The Greenhorns Goat Spit Menu Sneak Peek! (and a chat with its founder/filmmaker)

posted in: Events, NYC Events | 6

Get your goat fix! Tomorrow, rain or shine, a block party takes place in Carroll Gardens to benefit the Greenhorns, a Hudson Valley-based non-profit that promotes and recruits young farmers. This event is just too packed with stuff to really fit on a poster, or a proper blog post. But there will be a screening of the trailer for the documentary about young farmers by Greenhorns founder Severine von Tscharner Fleming, also called The Greenhorns, a performance by Reverend Billy, an urban gardening workshop led by Ben and Annie of the Eagle Street Rooftop Farm, an auction, farming and animal raising demos, and a bike-powered spit rotating baby goats for savory sandwiches. The organizers promise a few more surprises. I’ll be there, too, helping to feed the masses.

When asked why we’re rotating whole goats on a spit instead of, say, a pig, Severine explained that while America may have developed an obsession with goat’s milk and cheese, its meat hasn’t been as embraced as in other cultures. Plus, male goats exist, too! So they’re bringing three baby goats from a small farm in New Jersey to roast, with an array of flavors. The team of cooks are talking about doing one up with dry-rubbed Caribbean spices, going Mediterranean-style for another with olive oil, garlic and rosemary, making a simply seasoned one for real game-lovers, and serving some cucumber raita on the side.

Aside from goat sandwiches, there should be plenty to eat. If goat’s still not your game, grass-fed hamburgers are in store, as well as salads and a host of treats from several local farms and purveyors (check out this post on the Greenhorns’ blog for more food and details).

For more background on the nonprofit, the film and the fundraiser, I was able to bug Severine for a few more questions, below. Hope to see you at the party!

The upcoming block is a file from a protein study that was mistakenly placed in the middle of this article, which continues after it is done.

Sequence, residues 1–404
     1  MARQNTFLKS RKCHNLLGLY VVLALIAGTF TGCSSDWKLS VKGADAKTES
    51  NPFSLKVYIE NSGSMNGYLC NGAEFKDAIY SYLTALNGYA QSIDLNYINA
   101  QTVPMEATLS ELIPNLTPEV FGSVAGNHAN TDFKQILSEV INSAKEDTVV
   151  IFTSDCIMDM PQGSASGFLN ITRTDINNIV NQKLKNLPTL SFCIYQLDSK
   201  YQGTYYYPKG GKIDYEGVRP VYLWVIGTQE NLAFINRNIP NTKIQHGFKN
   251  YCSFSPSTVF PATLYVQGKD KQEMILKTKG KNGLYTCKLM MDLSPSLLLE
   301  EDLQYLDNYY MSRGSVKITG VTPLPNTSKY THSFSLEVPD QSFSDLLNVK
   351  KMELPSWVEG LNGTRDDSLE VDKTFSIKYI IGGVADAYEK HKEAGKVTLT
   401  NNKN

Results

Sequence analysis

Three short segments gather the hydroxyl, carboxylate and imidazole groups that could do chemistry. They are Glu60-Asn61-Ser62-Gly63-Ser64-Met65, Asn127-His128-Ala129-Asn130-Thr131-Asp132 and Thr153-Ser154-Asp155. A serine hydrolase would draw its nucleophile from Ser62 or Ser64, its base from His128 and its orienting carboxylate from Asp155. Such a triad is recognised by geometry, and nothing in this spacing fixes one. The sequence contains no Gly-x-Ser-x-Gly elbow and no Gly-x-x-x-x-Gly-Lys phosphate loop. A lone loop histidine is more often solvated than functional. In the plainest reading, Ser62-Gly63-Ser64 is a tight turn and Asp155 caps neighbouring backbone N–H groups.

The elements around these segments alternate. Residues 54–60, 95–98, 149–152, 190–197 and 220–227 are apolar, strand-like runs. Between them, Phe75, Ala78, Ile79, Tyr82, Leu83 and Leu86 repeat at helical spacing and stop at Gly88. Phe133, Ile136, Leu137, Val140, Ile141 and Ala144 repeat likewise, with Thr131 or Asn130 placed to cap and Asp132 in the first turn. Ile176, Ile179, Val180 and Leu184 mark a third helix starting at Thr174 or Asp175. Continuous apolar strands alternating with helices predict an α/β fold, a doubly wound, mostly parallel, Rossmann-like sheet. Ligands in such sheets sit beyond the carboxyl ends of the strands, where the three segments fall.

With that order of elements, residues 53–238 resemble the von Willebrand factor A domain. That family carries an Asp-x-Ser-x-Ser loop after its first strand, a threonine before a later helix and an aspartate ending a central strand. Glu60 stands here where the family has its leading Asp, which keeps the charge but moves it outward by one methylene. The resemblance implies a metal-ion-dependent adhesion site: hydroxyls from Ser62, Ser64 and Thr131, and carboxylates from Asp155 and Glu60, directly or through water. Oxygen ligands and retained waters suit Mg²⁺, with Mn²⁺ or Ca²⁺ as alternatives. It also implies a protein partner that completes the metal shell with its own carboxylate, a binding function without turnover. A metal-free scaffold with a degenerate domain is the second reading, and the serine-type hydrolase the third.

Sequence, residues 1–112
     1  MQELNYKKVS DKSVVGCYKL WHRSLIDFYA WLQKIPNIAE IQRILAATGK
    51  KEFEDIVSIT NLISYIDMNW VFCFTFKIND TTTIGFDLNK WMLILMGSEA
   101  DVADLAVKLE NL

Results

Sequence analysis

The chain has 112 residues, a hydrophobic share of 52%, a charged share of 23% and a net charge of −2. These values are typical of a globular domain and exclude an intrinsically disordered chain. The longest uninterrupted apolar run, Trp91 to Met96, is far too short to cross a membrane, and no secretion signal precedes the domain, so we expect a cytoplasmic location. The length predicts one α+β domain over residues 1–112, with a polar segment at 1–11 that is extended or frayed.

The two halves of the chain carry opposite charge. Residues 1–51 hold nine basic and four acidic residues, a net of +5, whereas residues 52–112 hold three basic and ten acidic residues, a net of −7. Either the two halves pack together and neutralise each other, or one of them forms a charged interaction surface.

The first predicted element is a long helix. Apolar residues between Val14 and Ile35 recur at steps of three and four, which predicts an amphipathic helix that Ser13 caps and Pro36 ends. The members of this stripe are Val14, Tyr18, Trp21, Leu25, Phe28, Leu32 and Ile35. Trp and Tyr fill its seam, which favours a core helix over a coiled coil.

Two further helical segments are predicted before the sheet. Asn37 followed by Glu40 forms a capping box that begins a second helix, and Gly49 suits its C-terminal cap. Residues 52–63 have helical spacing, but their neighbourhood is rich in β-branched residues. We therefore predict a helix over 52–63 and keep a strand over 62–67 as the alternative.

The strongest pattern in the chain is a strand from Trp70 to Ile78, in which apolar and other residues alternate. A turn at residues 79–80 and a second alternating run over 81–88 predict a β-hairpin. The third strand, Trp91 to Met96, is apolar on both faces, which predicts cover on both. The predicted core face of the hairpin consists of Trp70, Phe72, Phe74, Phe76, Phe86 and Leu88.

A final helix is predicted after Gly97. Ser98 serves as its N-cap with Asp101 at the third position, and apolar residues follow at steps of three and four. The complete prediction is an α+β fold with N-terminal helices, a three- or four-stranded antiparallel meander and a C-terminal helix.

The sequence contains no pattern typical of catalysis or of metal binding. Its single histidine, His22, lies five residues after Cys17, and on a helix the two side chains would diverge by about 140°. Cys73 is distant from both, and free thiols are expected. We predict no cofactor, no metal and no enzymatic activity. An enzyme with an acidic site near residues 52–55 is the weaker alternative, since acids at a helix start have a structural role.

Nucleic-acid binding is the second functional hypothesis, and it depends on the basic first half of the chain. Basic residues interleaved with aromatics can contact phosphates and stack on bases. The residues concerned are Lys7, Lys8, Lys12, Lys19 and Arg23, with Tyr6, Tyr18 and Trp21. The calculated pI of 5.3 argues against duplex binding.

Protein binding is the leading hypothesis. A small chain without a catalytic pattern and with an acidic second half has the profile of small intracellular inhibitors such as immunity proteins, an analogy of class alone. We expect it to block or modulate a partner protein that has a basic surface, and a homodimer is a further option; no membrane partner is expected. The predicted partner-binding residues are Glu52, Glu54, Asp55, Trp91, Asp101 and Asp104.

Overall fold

What is a greenhorn?

SVTF: A greenhorn is a novice. A new entrant into agriculture, in our case. Given the crisis of attrition in American Agricultue- average age 56, we’re glad to see that thousands of young farmers are entering the field. Entering with a force of intention and a commitement to sustainable practices, their success is critical and must be structurally supported: culturally, educationally, and with public policy that promotes healthy agriculture instead of corporate monoculture.

Tell me a little more about why you decided to make this film?

SVTF: I saw a film in Ireland called Fowl, about the chicken industry. It was shot by a lovely fairy filmmaker named Andrew Legge. Andrew and I were staying at the same  cheese farm and went walking together over the cliffs of West Cork. We talked about suburban sprawl and ag-industrial moonscapes while walking down a most quintessentially perfect lane of family dairies, woodlots, smallholdings and hedged pastures. I resolved that we’d bring the stories of young farmers and the landscapes that they inhabit and create to the youngers of my country. Once we started-everything came together. I kept meeting awesome, and eager! film-skilled people– and the greenhorns community.
Why do you think there is a boom of young farmers today, with many of them taking up farming for the first time in their lives?

SVTF: Why more young farmers? Well, certainly not because its easy. Becoming a young farmer in America today means overcoming some quite profound structural obstacles. Those who succeed in starting, running and keeping their farm business are brave, hard-working, stubborn and mostly somewhat lucky individuals. We celebrate their work. Many more young farmers, and aspiring farmers  are trying to get a toehold, find some land, raise the capital, gain the skills and education, convince themselves, their partners or their parents. Social mobility for those exiting school with a burden of debt is sadly diminshed.  The infrastructure for local food processing, local food marketing, medium scale agriculture and diversified, sensibly sized farm operations has been destroyed by sequential farm crises–caused by the agribusiness lobby, consolidation, global trade and a Farm Bill designed by greedy beneficiaries.

Hosted by the Greenhorns, a benefit
Saturday, June 20th, 2009

2 – 10pm
513 Henry Street
Brooklyn, NY 11215
Corner Sackett/Henry

6 Responses

  1. Kelly

    just pointing out that on their blog it says $5 to get in and that gets you a beer…not $50. Though I’m sure $50 would be greatly appreciated.

  2. nbm

    good lord, that’s just down the street. I can stop in on the way back from the library! (If it is not too soggy for fun.)

  3. nbm

    and I did, and there’s a short post chez moi to prove it.

  4. SriMathe

    cool read

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